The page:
Townsend's relationship with HP originated with Compaq. Following the acquisition, it continued its relationship with the new vendor for several reasons. "They have a very consistent set of deployment and manageability features, which makes it extremely easy for our entire operations group to deploy them in a consistent way," Akeson says, "which can be difficult when you have over 40 people in an operations department, all deploying servers." He cites good management tools, good reliability, and an "extremely proactive" support response by HP as other reasons for continued satisfaction.

Standardized accessories and form factors in equipment, like hard drives, and power supplies also help protect Townsend's investments. "When you have several hundred machines, you need to be able to move your parts around," Akeson said. "Sometimes we tear entire systems down, then put them back up in a different way," he adds, "we don't want to have to buy different parts, just because we're using a specific piece of equipment."

>> Bullish on Opteron

Bullish on Opteron

64-bit computing should be a boon for several of Townsend's applications — most obviously SQL Server, for which Akeson is awaiting a version that supports the new architecture. HP's release of Opteron servers generated much interest, as Opteron "has really good 32-bit performance and most of our software is 32-bit at this point," Akeson said. "[Opteron's] absolutely the correct choice for us in terms of asset longevity, and fortunately, HP came around and actually offered an AMD 64-bit product, which from all of our testing, is absolutely incredible at running 32-bit code."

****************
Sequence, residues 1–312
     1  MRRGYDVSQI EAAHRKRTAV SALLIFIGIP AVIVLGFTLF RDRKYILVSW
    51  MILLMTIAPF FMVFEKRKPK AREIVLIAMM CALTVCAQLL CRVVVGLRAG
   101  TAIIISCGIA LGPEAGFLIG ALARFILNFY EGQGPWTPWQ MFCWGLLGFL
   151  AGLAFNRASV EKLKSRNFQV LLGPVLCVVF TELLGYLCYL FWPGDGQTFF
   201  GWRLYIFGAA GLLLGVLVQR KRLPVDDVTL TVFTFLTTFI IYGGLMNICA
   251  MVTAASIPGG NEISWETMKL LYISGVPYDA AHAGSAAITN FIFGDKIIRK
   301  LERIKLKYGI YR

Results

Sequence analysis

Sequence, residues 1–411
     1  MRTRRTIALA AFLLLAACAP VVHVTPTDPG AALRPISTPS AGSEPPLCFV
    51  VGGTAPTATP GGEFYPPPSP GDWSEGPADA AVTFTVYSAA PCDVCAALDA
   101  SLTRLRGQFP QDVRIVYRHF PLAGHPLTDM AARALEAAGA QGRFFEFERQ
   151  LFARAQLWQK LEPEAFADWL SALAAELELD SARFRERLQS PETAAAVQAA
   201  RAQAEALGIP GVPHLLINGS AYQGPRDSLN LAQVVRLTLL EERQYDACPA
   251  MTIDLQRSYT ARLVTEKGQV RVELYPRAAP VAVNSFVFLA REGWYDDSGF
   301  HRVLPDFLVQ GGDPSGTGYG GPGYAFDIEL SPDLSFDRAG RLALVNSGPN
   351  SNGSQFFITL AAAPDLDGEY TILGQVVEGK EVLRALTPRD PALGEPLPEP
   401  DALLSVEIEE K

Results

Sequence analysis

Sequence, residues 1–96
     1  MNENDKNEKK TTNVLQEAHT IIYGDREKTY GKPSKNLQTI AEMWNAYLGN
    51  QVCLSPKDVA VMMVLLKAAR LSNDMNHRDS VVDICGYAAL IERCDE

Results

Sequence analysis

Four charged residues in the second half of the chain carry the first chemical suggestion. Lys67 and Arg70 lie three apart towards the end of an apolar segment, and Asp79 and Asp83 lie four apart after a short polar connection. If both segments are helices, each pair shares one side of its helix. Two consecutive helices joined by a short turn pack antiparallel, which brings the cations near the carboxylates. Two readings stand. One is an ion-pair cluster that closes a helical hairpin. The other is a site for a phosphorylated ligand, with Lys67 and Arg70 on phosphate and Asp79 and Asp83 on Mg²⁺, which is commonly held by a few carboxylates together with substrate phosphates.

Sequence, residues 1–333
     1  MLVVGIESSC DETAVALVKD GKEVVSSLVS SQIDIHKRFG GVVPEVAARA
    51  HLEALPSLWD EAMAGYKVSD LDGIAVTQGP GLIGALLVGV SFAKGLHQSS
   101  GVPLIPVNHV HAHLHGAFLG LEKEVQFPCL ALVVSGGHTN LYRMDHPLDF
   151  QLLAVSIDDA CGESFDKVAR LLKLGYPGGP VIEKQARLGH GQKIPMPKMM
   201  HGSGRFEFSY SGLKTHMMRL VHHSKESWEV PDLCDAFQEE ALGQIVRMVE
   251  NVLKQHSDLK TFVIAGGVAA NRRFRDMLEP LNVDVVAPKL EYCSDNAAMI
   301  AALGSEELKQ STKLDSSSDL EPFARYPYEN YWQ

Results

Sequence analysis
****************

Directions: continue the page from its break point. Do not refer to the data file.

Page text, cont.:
The Intel Nocona chip, while worth "a try," is less appealing to Akeson at this time, given that "the AMD product is here now." Townsend has no plans to replace all of its IA-32 products with Opteron; rather, it will gradually work the performant AMD chips into its operations in a "slow process."

Surviving a Crash

From a support perspective, Townsend's experience with HP has been completely positive. It has opted not to rely on a 24x7 support contract with HP. To minimize the damage of an after-hours crash, "I keep two or three of everything that might blow up," Akeson said. "If you have that many servers, things are going to blow up occasionally, and that seems to work out really well for us," he added.

Should the server room equivalent of Black Monday strike Townsend, however, an HP sales engineer is available to lend a hand. Akeson also notes that HP has been "really generous" about lending other engineers to tackle those elusive bears when they crop up.

Extended Forecast

With its improved attempts to keep up with the technology curve in recent years, HP has outperformed the wish list of admins like Akeson. "They've continued to be a solid vendor, but they're also more bleeding-edge now," he said. Akeson cites HP's bolstered SAN offerings and cheerfully reiterates its Opteron additions as examples. He is also looking forward to HP's foray into the 64-bit blade space, which is scheduled to occur before 2005 in Opteron form.

HP's close read of the market has helped customers like Townsend remain bullish about their relationship. By keeping an ear to the ground and an eye on the big board, the vendor has held on to, and expanded, its customer base.

This article was originally published on Monday Jun 21st 2004